Latest Project

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Moderator: Fawteen

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Joined: Tue Dec 07, 2004 8:28 pm
Location: East Overshoe, Maine

Latest Project

Postby Fawteen » Thu Apr 06, 2017 5:29 pm

I've wanted a metal cutting bandsaw for a while now. I don't have the shop space (or the money) for a big horizontal saw so I thought porta-band would be the next best thing.

Looked around a little and got a nice corded Milwaukee Deep Cut for a decent price.

Also been surfing Ewe Toob looking at various shopbuilt tables for porta-bands that allows you to use them in the vertical mode and add a small table for cutting small parts, which is the main reason I wanted one anyway. I have a big abrasive chop saw for cutting the big stuff, what I wanted was something to work with sheet metal and light plate.

So I stole ideas from a half-dozen approaches to the problem and mocked up my version in wood to make sure it was practical. After a couple of minor modifications to get the dimensions right, I had a workable design, so I went ahead and made a finished version in metal.


Here's all the pieces cut out and ready for welding together. The base plate and table are 3/16ths black iron, the main mast and table pedestal are 1-1/2 by 1/4 square tubing (overkill, but it's what I had laying around) the brackets that cradle the handle are 16ga sheet metal, and the curved piece for the bottom of the main cradle is a piece of 1-1/2 x 1/8 flat stock. The 1x1 square tubing is for the feet and the telescoping portion of the table.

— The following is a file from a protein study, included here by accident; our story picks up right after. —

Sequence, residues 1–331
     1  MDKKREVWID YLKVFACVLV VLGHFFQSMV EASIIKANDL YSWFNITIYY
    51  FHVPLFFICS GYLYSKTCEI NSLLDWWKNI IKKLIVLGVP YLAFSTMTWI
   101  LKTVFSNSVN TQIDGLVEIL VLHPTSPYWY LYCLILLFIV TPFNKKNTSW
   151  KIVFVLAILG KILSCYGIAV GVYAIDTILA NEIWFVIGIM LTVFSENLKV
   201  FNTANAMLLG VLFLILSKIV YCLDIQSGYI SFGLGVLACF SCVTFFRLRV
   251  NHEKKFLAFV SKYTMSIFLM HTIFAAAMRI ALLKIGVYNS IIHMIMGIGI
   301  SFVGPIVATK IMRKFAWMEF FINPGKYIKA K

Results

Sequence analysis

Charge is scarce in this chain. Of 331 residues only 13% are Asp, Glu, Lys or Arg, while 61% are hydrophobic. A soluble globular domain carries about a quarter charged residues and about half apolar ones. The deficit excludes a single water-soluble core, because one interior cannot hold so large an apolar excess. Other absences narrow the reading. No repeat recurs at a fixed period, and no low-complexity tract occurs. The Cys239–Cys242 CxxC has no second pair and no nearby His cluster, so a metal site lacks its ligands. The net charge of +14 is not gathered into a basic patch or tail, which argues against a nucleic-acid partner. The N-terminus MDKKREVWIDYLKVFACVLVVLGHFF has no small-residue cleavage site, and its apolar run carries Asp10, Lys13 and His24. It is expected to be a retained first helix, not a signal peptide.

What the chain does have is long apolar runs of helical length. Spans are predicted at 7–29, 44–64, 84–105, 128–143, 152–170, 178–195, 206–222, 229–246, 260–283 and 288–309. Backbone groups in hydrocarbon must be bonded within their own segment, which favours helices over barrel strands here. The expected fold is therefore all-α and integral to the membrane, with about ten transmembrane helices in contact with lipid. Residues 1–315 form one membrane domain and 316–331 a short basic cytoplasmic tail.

I cut a pattern for the rear handle cradle out of 2x4 on the band saw and bent the flat stock to match and then tacked it to one of the sheet metal sides.


Then I sandwiched the rear mast between the two sides of the bottom cradle and tacked everything in place. The little piece of 1x1 at an angle sits under the rear drive wheel housing of the saw. The forked bit on top of the rear mast cradles the front handle.


Seeing as the saw doesn't have a way to lock the switch in the on position for safety reasons, I rigged a switched outlet on the base to turn the saw on and off with rather than plugging/unplugging it. A short piece of dowel jams the switch in the on position.


The table will adjust up and down a bit, but I think it works best of it sits right on the backstop of the saw as it helps hold the saw steady. The table pedestal is drilled and tapped 1/4-20 for two thumb screws to hold the table in place. Taking the table off makes it very simple to set the saw in the holder or take it out.
What do you mean I can't do that?

Posts: 139
Joined: Sat Mar 12, 2011 11:31 am

Re: Latest Project

Postby curtludwig » Fri Apr 07, 2017 10:17 am

Looks real nice. I've watched Jimmy Diresta on Youtube use one of those for some time now and thought it would be real handy.

Posts: 312
Joined: Tue Nov 25, 2008 10:38 am

Re: Latest Project

Postby hansen » Wed Apr 12, 2017 4:06 pm

Bee yoo ti ful. Clever, too.

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